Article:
Jeanette Howard, associate director of science for fresh water for The Nature Conservancy in California
Jeanette Howard, our associate director of science for fresh water, has spent the past 15 years (off and on) studying mussels, seeking to better understand their role in the river ecosystem. The work requires diving into the best—and worst—of the state’s rivers, from the pristine to the polluted. Yet Dr. Howard feels lucky to work with rivers: “In California, our water is gold. It’s precious.”
“They were once the backbone of the button industry, but the advent of plastic rendered freshwater mussel harvesting nearly obsolete,” says Jeanette Howard.
It was like a fighter’s one-two punch: As commercially raised mussels took their hit, wild freshwater mussels were next to receive a serious blow. Once accounting for the largest presence—whether plant or animal—in some streams, their numbers have dramatically dwindled.
Diminishing fish populations—these mussels rely on fish as hosts for their larvae—and increasingly polluted waters have taken their toll on these essential bivalves.
“Freshwater mussels play a little-known role in our daily lives,” says Howard. “They sit at the bottom of rivers for years, filtering and cleaning our waters much like oysters do in estuaries. They even absorb parasites like giardia.”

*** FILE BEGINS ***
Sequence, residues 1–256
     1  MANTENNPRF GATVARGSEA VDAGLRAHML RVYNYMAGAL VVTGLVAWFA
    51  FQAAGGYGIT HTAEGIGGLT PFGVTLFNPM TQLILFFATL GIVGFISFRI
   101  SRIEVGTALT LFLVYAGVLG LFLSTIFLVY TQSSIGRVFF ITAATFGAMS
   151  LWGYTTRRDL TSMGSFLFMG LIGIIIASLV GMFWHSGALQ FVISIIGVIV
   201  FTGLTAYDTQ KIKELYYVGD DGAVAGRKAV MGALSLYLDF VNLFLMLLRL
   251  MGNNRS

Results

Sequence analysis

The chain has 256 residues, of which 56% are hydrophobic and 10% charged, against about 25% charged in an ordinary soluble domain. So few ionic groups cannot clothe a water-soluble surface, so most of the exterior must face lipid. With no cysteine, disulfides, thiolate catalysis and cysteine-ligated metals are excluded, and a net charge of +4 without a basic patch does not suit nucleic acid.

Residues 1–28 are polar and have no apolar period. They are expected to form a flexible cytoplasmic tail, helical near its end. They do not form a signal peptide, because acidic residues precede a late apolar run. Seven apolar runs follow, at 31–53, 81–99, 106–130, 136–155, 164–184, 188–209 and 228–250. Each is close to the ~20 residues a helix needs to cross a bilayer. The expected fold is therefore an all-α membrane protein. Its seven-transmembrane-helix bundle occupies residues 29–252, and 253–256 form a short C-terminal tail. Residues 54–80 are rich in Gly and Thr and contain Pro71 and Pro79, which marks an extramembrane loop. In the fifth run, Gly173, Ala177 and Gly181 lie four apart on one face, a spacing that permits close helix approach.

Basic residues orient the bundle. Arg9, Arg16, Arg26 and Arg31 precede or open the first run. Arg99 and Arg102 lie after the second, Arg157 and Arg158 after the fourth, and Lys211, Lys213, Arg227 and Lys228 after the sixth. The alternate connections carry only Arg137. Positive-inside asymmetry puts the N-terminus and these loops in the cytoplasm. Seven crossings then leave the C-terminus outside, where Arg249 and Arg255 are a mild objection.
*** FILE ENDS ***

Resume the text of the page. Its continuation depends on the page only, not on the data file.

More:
And if that’s not enough, they produce a compost-like material that nourishes other stream animals, contributing to the overall health of our freshwater systems.
Howard is teaming up with the U.S. Forest Service on the first-ever comprehensive statewide mussel study. Slipping into her wetsuit, snorkel and mask, she’s busy diving at historical sites dating back to the mid-1800s to assess our freshwater mussel population.
In 75 percent of the places Howard has investigated, mussel populations are still present. Unfortunately, many of southern California’s streams are barren, due to development, pollution or cement.
Most reassuring is that Howard is discovering that those streams and rivers that have been protected have amazingly robust mussel populations.
“Protecting and restoring our waterways is working!” exclaims Howard. “Of the more than 100 sites I’ve surveyed, the Conservancy sites have the greatest abundance and diversity of mussels throughout the state.”
“Freshwater mussels are important in this state, where our water is so precious. They benefit from all our planning and protection efforts. And they, in turn, help so many other creatures, including us.”
March 12, 2013